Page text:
Fine Cooking is my favorite cooking magazine. I do like Saveur, but for some odd reason never cook anything from it, I like Food and Wine a lot, and have mixed feelings about Bon Appetit. In some ways, I think the magazine is going a bit heavy on the trendy, fashionable, hip. Maybe hip is a dated term already, but you catch my drift. Fine Cooking focuses on recipes, good cooking, tips and advice that help not only the novice cook, but those who feel comfortable around the kitchen. My success rate with Fine Cooking recipes is pretty close to 100%, so what’s not to like, right? The latest issue had a nice article on “A New Way to Roast Vegetables” and it’s at the same time simple and clever. They offer many examples of veggie combinations, but the basic idea is that whatever veggie you intend to roast, first you place it in the oven covered with aluminum foil, that will essentially steam the veggie and partially cook it. Next, you remove the cover foil and proceed with the roasting.  To make clean up even easier,  it is a good idea to line the baking sheet with aluminum foil too, so that during roasting whatever could stick to the pan will stick to the foil instead. Of course, you could steam the veggies in a regular pan first, or even pre-cook them in a microwave, but the simplicity of this method won me over.  I did not follow their recipe for carrots, but if you own the magazine take a look at it. They use smallish carrots with the tops still on, and serve them as the appetizer course with a yogurt-spice sauce drizzled all over. I opted for a more austere version, pairing carrots with paprika, not much else.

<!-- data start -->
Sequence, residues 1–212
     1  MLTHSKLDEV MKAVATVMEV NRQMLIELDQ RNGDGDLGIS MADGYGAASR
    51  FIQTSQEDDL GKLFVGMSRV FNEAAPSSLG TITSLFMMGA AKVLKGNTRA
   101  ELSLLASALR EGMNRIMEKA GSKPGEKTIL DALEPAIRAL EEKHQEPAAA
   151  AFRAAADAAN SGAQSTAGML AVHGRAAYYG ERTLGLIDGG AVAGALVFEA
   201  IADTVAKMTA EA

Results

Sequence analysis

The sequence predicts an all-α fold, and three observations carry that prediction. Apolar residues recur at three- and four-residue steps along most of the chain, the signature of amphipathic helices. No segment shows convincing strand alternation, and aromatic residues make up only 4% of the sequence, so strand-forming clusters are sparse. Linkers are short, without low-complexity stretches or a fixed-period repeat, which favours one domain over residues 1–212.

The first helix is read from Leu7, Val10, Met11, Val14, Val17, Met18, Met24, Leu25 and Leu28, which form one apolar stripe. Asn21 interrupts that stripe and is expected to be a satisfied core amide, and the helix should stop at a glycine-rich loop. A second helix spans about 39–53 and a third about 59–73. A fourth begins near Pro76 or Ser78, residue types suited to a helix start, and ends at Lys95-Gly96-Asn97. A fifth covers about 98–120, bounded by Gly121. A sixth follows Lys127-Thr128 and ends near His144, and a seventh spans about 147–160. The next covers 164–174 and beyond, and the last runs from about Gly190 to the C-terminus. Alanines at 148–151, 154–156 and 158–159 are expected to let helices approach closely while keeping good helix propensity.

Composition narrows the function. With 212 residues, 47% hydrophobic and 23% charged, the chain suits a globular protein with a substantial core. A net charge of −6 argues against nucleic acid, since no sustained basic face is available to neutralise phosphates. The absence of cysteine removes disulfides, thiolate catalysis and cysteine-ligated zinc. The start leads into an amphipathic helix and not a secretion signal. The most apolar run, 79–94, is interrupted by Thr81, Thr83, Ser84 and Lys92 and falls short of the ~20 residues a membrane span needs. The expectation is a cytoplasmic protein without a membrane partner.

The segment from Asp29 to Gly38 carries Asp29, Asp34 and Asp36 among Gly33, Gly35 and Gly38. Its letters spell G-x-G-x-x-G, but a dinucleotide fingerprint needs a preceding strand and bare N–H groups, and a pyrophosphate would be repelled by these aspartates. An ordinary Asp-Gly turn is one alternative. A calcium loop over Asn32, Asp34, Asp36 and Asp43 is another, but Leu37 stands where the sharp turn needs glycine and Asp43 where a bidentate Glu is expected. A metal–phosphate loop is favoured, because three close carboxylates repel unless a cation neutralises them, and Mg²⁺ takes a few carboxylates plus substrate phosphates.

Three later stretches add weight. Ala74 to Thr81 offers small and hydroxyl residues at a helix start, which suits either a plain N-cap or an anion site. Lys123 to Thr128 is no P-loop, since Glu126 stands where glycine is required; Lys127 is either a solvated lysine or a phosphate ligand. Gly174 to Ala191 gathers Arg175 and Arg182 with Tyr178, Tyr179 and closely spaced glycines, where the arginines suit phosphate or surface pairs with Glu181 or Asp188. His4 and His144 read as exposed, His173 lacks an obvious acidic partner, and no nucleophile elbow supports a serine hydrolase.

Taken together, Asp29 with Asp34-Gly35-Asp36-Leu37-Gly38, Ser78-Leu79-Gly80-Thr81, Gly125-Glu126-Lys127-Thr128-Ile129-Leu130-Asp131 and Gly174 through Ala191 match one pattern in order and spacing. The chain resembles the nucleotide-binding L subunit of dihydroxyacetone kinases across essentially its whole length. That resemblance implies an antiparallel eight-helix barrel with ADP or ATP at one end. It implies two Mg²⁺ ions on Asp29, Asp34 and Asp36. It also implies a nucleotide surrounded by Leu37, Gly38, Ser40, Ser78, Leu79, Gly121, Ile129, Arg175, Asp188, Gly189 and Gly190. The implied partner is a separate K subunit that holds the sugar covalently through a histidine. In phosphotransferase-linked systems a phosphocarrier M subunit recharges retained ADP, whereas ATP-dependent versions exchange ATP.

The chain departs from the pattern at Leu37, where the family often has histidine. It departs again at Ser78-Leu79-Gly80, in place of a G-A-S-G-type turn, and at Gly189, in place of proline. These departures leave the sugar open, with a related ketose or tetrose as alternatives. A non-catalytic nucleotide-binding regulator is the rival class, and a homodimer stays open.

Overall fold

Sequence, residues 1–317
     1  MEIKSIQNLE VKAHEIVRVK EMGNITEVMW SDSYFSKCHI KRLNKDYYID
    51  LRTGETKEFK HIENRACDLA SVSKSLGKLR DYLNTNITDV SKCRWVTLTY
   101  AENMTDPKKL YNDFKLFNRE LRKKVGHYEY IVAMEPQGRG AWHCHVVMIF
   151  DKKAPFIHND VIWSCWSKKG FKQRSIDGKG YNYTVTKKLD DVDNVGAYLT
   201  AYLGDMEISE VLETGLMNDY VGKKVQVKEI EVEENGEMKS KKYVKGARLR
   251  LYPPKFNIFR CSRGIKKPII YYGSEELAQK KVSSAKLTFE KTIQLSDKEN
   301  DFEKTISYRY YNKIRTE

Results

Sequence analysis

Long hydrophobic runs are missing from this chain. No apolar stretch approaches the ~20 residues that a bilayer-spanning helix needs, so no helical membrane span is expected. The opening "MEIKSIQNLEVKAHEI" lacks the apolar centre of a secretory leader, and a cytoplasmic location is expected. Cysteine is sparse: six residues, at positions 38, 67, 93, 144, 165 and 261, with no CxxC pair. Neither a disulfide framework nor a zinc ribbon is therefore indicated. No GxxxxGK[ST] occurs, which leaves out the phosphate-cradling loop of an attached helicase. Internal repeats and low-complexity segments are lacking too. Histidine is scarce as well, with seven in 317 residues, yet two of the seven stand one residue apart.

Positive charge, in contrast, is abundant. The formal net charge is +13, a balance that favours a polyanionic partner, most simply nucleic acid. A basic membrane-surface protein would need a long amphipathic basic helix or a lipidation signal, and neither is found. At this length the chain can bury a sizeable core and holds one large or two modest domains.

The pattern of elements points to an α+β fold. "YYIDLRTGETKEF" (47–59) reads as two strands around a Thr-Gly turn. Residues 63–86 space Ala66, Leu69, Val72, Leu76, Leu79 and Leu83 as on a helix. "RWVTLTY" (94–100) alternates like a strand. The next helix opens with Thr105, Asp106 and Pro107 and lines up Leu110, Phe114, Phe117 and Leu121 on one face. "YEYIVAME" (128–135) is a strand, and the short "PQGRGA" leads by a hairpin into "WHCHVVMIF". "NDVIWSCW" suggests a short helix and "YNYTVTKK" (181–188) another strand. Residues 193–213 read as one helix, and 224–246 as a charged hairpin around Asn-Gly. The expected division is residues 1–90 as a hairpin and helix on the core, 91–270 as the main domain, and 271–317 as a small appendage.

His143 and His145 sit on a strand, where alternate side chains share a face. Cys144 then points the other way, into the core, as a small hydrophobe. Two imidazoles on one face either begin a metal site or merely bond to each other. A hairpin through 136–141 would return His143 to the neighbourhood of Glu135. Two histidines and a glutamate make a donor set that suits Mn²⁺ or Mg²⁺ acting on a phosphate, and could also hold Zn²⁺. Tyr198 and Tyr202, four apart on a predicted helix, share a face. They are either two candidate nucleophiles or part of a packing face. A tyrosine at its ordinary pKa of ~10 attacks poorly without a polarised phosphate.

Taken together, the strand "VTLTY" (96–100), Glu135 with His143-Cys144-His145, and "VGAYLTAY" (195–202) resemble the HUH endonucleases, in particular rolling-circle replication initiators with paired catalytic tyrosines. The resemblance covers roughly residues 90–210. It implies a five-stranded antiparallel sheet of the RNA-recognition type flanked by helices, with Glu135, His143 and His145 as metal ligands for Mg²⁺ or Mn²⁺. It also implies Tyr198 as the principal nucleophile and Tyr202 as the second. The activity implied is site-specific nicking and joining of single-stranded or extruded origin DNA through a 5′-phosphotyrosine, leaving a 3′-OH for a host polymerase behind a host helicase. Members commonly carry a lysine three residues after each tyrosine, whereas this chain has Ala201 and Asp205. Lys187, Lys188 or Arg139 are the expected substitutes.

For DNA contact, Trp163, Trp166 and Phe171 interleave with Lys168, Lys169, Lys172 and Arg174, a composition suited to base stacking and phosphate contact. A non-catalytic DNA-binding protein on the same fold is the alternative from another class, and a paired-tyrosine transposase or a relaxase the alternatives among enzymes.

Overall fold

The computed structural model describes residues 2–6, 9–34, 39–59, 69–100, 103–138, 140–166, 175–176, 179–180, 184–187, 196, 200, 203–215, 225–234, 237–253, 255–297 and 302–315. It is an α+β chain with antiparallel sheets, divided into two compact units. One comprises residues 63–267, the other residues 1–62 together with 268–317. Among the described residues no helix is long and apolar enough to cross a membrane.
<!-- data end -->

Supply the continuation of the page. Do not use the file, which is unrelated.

(inspired by Fine Cooking)

5 large carrots, cut any way you like
drizzle of olive oil to coat them
1/4 teaspoon paprika
salt and black pepper to taste

Heat the over to 440 F.

Place the cut carrots in a large bowl, drizzle with the olive oil, and sprinkle spices all over.

Mix well to coat.

Line a baking dish with aluminum foil to allow for easier cleaning later. Make sure to use a rimmed baking sheet, not a baking utensil with tall sides, that will prevent proper browning.  Arrange the carrots on a single layer, cover the baking sheet with a second sheet of aluminum foil, and place in the oven for 15 minutes.

Carefully remove the top aluminum foil (use tongs), and leave it in the oven for 20 to 25 minutes more, moving the pieces around after 10 minutes.  Serve right away.


to print the recipe, click here


Comments: We absolutely loved the texture of these carrots. I normally find that roasted carrots need to be cut pretty small to allow for homogeneous cooking at high temperature, and even doing that I end up with some pieces that are too hard, some too soft.  This method delivers on all counts, texture and flavor. Of course, you can use all sorts of spices, maybe a bit of maple syrup or Sriracha together with the olive oil (I’ll be trying that combo soon),  and serve the carrots with a yogurt-based sauce, with tahini, lemon, whatever you crave at the moment.   As I mentioned, I opted for a very basic version, which is a real test for the method, no distractions. Cauliflower, potatoes, eggplant, turnips, they can all be roasted this way, for the most part all veggies have enough moisture to steam while covered.